The forward placement of the cockpit lent itself well to providing a proper seating area for a dogfighting pilot. Visibility was exceptionally good to the sides, below and above with rearward visibility being eventually addressed and improved. Heavy framing dominated the forward view to an extent - which featured a bulletproof windshield - while other views were mostly unobstructed (the radio aerial protruded from the rear right section of the fuselage, just aft of the canopy). The gun sight was adorned with a soft pad for the safety of the pilot in the event of a forced crash land (similar to that as found on the North American P-51 Mustangs). Most instrument gauges (including the Mach speed indicator, gyro-magnetic compass and radio altimeter) were placed on the forward panel with a traditional flight stick control column between the pilots legs. A noticeable feature of the cockpit was a white line that ran vertically across the center of the main instrument panel. This line was to be used by the pilot to align his flight stick with in the event of an uncontrollable stall spin. Quite utilitarian in nature but the device worked in practice.
The pilot sat on his attached parachute which, in turn, became his cushion on top of the ejection seat pan. The seat was ejected via controlled explosive cartridges that jettisoned the seat up and past the vertical tail surface. Early models featured a single, right side-mounted ejection handle. Later models incorporated a more conventional handle on both sides of the seat. The whip-style aerial antenna protruding from the right side of the fuselage - just aft of the cockpit - powered the onboard VHF radio.
Despite its first appearance in a Soviet 1948 flyby showing, the West knew little of the MiG-15 by the time of the Korean War. As a result, it proved quite a shock to UN pilots when coming across this swept-wing, agile, cannon-laden aircraft. Along with its military entry, the MiG-15 immediately formed a Soviet air display team as well. Straight out of the gun, the system was noted for its ease of operation, maintenance and repair.
MiG-15's arrived to the Korean Front in quantity in November of 1950. These would be operated in combat by Soviet pilots wearing Chinese uniforms and forming from Chinese air bases (UN targeting was restricted to North Korean territory, hence the aircraft bases in China were off limits to UN bombers). Along with operating in defense of North Korean targets, Soviet officials were also charged with the training of Chinese and North Korean fighter pilots. Despite all this activity, the Soviet Union operated under a guise so as not to involve itself fully in the conflict. Basically Soviet pilots were given the freedom to operate from a line stretching from Wonsan to Pyongyang. Similarly, UN airmen were restricted from crossing the Yalu River - the term "MiG Alley" stemmed from the area encompassing these restrictions. While Soviet MiG-15 pilots could hold their own in a fight, Chinese and North Korean pilots fared poorly without Soviet assistance. This became an issue when Chinese and North Korean pilots flew in areas restricted to Soviet airmen, making them essentially cannon fodder for UN pilots.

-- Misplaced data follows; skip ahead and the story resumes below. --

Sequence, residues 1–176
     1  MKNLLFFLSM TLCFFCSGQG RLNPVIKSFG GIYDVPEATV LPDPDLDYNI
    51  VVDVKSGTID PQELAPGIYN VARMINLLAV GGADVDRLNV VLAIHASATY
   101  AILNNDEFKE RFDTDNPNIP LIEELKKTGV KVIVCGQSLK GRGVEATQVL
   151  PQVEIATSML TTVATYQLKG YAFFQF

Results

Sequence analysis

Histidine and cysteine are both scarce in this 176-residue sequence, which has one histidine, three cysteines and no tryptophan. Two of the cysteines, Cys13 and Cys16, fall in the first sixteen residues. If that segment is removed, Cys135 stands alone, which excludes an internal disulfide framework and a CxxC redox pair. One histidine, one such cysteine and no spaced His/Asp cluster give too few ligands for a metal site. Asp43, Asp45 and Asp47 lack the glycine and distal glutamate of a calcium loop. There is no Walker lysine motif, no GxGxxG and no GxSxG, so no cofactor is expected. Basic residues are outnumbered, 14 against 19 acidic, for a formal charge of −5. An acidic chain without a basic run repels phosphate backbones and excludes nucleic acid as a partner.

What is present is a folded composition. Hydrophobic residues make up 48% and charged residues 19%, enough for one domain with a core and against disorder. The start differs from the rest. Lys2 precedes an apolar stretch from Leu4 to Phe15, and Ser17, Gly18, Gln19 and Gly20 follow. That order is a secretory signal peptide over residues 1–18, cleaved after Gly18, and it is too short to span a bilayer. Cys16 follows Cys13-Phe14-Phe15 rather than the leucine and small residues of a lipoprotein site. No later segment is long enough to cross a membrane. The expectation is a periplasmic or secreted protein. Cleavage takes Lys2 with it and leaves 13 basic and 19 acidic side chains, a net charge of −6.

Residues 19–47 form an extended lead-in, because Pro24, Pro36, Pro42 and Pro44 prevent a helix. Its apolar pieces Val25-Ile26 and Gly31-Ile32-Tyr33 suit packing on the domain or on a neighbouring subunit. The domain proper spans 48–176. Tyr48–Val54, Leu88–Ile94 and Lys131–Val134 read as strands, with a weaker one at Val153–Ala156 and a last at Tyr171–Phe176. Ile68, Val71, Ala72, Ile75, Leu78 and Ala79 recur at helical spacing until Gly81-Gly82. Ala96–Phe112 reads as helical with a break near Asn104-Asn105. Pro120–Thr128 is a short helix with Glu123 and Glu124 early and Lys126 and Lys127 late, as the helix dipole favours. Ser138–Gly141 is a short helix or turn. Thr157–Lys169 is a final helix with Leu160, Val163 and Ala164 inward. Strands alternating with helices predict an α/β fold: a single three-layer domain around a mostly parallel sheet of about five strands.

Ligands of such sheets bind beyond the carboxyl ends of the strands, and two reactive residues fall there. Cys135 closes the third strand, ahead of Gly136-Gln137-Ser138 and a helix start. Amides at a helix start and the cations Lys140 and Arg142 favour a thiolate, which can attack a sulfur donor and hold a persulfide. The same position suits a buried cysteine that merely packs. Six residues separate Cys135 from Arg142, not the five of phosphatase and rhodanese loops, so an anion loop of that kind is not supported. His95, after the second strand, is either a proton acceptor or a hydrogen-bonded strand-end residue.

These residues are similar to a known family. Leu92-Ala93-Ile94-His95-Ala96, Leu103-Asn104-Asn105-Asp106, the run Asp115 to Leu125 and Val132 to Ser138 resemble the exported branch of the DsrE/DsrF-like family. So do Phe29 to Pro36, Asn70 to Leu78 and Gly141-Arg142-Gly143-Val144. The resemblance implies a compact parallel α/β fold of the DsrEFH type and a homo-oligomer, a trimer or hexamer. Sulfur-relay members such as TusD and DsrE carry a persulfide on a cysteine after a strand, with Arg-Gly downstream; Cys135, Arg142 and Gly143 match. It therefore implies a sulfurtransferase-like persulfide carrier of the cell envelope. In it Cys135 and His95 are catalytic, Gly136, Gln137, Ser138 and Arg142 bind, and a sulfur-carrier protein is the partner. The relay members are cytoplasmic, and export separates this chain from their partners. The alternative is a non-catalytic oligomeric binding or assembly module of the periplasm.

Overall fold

The first Western encounter against MiG-15's took place on November 1st, 1950. A flight of North American P-51D Mustangs were attacked by no fewer than six unidentified aircraft, powered by jet propulsion. These were, of course, the new MiG-15 aircraft, appearing from Manchuria, crossing the Yalu and introducing themselves into the Korean War. Though Western reports claim no losses, the Soviets claimed one P-51 in their after action reports.
November 8th brought about the first ever jet-versus-jet action. Six MiG-15's tangled with a flight of Lockheed F-80 Shooting Stars. Though results differ depending on the side writing the account, the Western account had an F-80 downing a MiG-15 - Soviet records show no such kill. It is known that five of the six machine guns onboard the F-80 had jammed. This, along with the ability of the MiG-15 to absorb a good amount of punishment from 12.7mm ammunition, leads to some discredit of the Western account. The MiG-15 was seen heading down to the ground in smoke, though it is believed that the aircraft had jettisoned its somewhat full fuel tanks in a dive in an effort to create space against the F-80, eventually heading for home and not engaging the American aircraft. Such competing stories, it seems, are a necessary part of warfare.
The first MiG-15 victory over a Boeing B-29 Superfortress occurred on November 9, 1950. The Superfortress (despite its impressive defensive array of heavy caliber machine guns) proved no match for the cannons of the MiG-15. The large surface areas of the Superfortresses crumpled with ease under the fire of a MiG-15's cannons. Losses were such that all B-29's were eventually forced to suspend daylight raids indefinitely, a large psychological and strategic victory most assuredly won by the presence MiG-15 alone. Other United Nations B-29 combat actions in and around the Yalu River area yielded disastrous results, even when escorted by the various fighter types available. The first confirmed kill of a MiG-15 by a UN fighter pilot in the war came that same day when 18 MiG-15 "Fagot-A" models faced off against 20 US Navy strike aircraft in the form of piston-powered Vought F4U Corsairs and Douglas AD-1 Skyraiders, these joined by jet-powered F9F-2 Panther escort aircraft. At least one MiG-15 was destroyed to the loss of six American aircraft.